must have used archaeologically invisible means to increase food production, by mulching, floodwater farming, shortening the time that a field isleft fallow, and tilling the soil to restore soil fertility, or in the extreme omitting the fallow period entirely and growing crops every year, or in especiallymoist areas growing two crops per year.Socially stratified societies, including modern American and Europeansociety, consist of farmers who produce food, plus non-farmers such as bureaucrats and soldiers who do not produce food but merely consume thefood grown by the farmers and are in effect parasites on farmers. Hence inany stratified society the farmers must grow enough surplus food to meetnot only their own needs but also those of the other consumers. The number of non-producing consumers that can be supported depends on the society's agricultural productivity. In the United States today, with its highlyefficient agriculture, farmers make up only 2% of our population, and eachfarmer can feed on the average 125 other people (American non-farmersplus people in export markets overseas). Ancient Egyptian agriculture, although much less efficient than modern mechanized agriculture, was stillefficient enough for an Egyptian peasant to produce five times the food required for himself and his family. But a Maya peasant could produce onlytwice the needs of himself and his family. At least 70% of Maya society consisted of peasants. That's because Maya agriculture suffered from severallimitations.First, it yielded little protein. Corn, by far the dominant crop, has a lowerprotein content than the Old World staples of wheat and barley. The fewedible domestic animals already mentioned included no large ones andyielded much less meat than did Old World cows, sheep, pigs, and goats.The Maya depended on a narrower range of crops than did Andean farmers(who in addition to corn also had potatoes, high-protein quinoa, and manyother plants, plus llamas for meat), and much narrower again than the variety of crops in China and in western Eurasia.Another limitation was that Maya corn agriculture was less intensiveand productive than the Aztecs' chinampas (a very productive type ofraised-field agriculture), the raised fields of the Tiwanaku civilization of theAndes, Moche irrigation on the coast of Peru, or fields tilled by animaldrawn plows over much of Eurasia.Still a further limitation arose from the humid climate of the Maya area,which made it difficult to store corn beyond a year, whereas the Anasazi living in the dry climate of the U.S. Southwest could store it for three years.Finally, unlike Andean Indians with their llamas, and unlike Old World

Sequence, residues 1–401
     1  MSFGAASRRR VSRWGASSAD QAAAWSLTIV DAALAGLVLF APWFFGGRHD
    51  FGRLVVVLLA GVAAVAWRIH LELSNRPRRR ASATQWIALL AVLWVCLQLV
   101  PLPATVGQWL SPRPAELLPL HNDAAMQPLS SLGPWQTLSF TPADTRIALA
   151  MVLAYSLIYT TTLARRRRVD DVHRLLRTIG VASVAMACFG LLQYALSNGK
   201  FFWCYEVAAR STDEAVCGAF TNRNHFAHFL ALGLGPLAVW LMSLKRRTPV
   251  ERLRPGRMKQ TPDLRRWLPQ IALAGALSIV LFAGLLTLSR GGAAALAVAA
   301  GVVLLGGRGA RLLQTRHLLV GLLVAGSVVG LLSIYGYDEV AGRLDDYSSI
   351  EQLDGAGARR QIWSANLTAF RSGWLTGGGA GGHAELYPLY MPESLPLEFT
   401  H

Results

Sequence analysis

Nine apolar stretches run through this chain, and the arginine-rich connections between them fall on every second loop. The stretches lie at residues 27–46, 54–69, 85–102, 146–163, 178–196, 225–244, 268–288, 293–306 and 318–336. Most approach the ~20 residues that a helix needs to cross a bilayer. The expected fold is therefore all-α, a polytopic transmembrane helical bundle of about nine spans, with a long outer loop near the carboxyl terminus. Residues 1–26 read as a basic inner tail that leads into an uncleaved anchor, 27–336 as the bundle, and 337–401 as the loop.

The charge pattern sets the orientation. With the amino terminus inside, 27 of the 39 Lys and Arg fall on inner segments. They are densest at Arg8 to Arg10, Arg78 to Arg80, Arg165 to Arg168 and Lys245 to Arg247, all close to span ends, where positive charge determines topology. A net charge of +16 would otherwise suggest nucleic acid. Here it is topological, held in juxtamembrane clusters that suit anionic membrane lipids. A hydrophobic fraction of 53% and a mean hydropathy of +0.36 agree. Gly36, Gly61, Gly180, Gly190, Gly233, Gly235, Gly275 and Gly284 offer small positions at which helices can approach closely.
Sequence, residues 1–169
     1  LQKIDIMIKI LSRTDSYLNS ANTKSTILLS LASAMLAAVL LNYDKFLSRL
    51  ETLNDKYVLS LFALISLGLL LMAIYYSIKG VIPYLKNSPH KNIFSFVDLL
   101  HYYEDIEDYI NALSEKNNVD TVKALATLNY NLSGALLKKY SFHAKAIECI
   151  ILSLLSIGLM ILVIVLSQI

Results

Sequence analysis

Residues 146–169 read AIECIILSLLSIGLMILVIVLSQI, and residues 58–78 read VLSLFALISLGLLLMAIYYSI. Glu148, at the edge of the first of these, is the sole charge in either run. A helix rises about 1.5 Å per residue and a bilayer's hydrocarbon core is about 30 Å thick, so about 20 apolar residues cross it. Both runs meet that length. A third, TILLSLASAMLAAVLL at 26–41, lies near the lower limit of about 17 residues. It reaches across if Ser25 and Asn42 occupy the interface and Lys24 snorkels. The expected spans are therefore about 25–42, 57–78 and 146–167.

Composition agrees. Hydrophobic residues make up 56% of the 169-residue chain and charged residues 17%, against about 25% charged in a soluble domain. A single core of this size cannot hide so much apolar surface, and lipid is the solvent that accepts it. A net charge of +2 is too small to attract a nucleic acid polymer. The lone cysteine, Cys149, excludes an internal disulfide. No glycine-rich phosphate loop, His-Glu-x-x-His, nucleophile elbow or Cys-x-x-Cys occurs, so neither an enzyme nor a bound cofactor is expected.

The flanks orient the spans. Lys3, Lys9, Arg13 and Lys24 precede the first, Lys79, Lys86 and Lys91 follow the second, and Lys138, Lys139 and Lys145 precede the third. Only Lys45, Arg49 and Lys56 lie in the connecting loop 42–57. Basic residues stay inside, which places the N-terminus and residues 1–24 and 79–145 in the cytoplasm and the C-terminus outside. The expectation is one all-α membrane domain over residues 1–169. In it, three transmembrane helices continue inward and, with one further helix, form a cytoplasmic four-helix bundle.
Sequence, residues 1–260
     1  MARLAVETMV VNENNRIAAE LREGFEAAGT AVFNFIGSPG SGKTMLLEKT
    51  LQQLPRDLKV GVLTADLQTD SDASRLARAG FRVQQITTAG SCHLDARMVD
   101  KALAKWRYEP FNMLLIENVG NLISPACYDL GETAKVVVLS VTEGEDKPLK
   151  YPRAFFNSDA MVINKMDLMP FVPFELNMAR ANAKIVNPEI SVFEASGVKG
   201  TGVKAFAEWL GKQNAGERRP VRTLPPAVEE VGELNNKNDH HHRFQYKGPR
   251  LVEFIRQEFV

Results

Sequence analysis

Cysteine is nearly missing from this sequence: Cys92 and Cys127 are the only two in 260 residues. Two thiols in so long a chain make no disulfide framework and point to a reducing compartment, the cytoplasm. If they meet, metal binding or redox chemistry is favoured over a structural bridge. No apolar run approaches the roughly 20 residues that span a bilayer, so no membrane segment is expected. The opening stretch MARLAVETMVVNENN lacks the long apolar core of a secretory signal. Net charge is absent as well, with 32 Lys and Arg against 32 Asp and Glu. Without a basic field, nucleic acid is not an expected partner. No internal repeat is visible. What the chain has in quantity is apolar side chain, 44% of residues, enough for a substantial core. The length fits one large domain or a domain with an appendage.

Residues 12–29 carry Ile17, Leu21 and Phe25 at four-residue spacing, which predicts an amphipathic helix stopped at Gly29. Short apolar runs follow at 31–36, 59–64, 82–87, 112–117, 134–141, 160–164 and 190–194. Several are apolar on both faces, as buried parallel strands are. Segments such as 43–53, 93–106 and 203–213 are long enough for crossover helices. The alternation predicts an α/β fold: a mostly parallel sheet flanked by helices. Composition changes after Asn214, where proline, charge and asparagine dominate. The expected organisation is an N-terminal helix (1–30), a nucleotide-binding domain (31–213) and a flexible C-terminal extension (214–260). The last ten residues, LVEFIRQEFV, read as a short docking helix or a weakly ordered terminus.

peoples with their horses, oxen, donkeys, and camels, the Maya had noanimal-powered transport or plows. All overland transport for the Mayawent on the backs of human porters. But if you send out a porter carrying aload of corn to accompany an army into the field, some of that load of cornis required to feed the porter himself on the trip out, and some more to feedhim on the trip back, leaving only a fraction of the load available to feed thearmy. The longer the trip, the less of the load is left over from the porter'sown requirements. Beyond a march of a few days to a week, it becomes uneconomical to send porters carrying corn to provision armies or markets.Thus, the modest productivity of Maya agriculture, and their lack of draftanimals, severely limited the duration and distance possible for their military campaigns.We are accustomed to thinking of military success as determined byquality of weaponry, rather than by food supply. But a clear example ofhow improvements in food supply may decisively increase military successcomes from the history of Maori New Zealand. The Maori are the Polynesian people who were the first to settle New Zealand. Traditionally, theyfought frequent fierce wars against each other, but only against closelyneighboring tribes. Those wars were limited by the modest productivity oftheir agriculture, whose staple crop was sweet potatoes. It was not possibleto grow enough sweet potatoes to feed an army in the field for a long timeor on dista

The Maya Collapses Mysteries of lost cities ! The Maya environment ! Maya agriculture ! Maya history ! Copan * Complexities of collapses ! Wars and droughts ! Collapse in the southern lowlands ! The Maya message! y now, millions of modern tourists have visited ruins of the ancient Maya civ